After lunch, we move across the room from the dining table to the living area in the front of the house. Israel goes outside with Gustavo, but Amanda shows me a video featuring concert footage, music videos, and interviews with Shakira, a popular Colombian singer whose father emigrated from the Middle East. Shakira is a belly-dancer, a showgirl with a sexy wardrobe she designs herself, and a talented musician. She writes pop/rock songs filled with sensuality and angst, much like the Canadian songstress Alanis Morrisette. Shakira sings in both Spanish and English, making her wildly popular with assimilated Hispanic immigrants in the United States. Melissa and her cousins are in and out of the house. Shakira seems a bit sensual for this crowd–maybe I’m just uncomfortable watching her with a bunch of girls–but to Amanda, her dancing is simply beautiful.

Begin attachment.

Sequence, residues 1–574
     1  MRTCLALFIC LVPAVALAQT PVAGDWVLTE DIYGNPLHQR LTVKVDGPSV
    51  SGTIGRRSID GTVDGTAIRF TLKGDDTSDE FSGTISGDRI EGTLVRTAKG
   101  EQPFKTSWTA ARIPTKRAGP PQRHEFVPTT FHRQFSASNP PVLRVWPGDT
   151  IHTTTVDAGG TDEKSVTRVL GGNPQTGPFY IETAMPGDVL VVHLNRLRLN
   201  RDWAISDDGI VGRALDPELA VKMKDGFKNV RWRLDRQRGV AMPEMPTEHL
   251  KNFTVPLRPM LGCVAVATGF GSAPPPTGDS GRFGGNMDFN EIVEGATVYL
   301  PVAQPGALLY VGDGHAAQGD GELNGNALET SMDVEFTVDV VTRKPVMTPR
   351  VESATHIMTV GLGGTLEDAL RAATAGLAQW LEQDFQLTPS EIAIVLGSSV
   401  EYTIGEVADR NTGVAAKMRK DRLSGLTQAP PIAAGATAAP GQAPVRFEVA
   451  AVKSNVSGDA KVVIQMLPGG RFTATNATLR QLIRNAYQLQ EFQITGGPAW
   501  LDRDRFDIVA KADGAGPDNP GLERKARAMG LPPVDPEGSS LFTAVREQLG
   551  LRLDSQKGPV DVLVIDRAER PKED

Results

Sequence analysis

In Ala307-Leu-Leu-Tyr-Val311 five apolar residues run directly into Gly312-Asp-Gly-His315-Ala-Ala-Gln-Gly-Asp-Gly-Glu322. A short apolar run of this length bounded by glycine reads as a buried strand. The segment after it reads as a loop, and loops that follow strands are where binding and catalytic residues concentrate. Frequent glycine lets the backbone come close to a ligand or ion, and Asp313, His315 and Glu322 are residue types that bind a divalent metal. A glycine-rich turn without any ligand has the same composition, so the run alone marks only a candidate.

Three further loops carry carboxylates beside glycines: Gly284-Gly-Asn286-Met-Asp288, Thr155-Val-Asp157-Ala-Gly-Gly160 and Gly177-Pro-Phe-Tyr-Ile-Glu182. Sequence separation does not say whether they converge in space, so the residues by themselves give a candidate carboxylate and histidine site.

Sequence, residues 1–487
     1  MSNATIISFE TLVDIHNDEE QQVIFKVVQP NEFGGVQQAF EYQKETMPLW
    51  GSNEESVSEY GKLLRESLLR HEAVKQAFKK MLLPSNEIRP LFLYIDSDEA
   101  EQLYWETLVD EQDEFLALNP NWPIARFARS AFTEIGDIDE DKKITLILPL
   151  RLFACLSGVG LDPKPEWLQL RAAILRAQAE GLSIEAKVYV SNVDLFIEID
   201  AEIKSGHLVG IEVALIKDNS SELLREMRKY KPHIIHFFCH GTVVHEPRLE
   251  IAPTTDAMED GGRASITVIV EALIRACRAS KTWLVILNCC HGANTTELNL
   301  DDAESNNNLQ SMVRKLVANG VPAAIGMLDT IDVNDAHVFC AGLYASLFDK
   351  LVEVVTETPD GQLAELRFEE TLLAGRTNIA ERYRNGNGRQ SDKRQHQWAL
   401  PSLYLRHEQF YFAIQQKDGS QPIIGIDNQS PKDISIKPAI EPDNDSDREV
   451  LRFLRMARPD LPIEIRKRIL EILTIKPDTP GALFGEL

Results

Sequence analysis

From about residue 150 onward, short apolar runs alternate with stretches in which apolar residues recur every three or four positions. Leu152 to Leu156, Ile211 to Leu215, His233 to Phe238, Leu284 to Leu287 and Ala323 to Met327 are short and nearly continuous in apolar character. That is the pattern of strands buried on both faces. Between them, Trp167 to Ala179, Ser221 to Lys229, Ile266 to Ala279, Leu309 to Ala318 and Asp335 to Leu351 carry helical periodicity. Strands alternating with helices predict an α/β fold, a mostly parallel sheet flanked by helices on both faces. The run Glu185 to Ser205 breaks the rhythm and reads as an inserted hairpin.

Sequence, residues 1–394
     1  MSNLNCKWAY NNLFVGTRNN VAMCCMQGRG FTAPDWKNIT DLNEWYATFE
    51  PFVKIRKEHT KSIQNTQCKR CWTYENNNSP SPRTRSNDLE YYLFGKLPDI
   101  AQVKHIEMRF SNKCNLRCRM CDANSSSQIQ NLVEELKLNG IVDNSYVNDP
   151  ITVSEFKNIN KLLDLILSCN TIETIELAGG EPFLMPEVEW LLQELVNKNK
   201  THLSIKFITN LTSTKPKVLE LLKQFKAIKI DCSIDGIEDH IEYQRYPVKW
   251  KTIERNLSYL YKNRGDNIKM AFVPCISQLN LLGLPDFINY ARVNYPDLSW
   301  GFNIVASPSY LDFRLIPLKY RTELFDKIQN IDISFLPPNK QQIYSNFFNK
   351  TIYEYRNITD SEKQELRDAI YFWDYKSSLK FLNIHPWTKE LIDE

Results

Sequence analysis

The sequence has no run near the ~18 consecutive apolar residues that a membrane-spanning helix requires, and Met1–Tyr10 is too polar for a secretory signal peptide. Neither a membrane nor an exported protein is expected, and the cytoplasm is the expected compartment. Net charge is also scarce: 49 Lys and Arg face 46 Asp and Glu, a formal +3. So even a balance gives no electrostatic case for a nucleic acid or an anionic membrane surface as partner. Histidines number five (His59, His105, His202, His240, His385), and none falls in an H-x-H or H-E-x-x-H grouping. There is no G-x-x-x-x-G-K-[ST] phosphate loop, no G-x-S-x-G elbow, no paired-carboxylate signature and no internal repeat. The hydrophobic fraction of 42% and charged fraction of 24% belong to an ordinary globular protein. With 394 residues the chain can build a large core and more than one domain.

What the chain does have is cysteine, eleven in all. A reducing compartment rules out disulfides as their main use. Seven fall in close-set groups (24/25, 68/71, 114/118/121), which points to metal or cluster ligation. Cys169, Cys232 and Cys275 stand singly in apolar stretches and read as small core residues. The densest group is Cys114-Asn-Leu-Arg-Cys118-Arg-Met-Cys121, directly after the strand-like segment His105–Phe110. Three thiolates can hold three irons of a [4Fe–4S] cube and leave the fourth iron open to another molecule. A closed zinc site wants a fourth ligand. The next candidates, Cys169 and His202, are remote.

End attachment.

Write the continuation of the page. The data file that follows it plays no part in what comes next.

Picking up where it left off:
Shakira is finished. We put on a Steve Martin movie, Cheaper by the Dozen, with Spanish subtitles, and Lucio comes home with the cake. With him is Alejandro, the 18-year-old son of a longtime co-worker, Juan. The father and son live together in a two-bedroom cottage on a ridge outside West Jefferson, overlooking a steep field of the boss’s Christmas trees. I rented this house from the farmer one night while Juan and “Alex” were resting with their family in Mexico for the winter. Raw meat rotted in the refrigerator. I couldn’t open it for the smell. Dirty dishes remained in the sink. Hair and whiskers covered the bathroom sink and shower. Work clothes hung in the closets. Obviously, these erstwhile bachelors left in a hurry after loading the last tractor trailer bound for suburbia. With no social networks outside the farm, the single young men who fill most of the Christmas tree jobs, far from parents or wives, are fixtures at their co-workers’ family gatherings, even little girls’ birthday parties.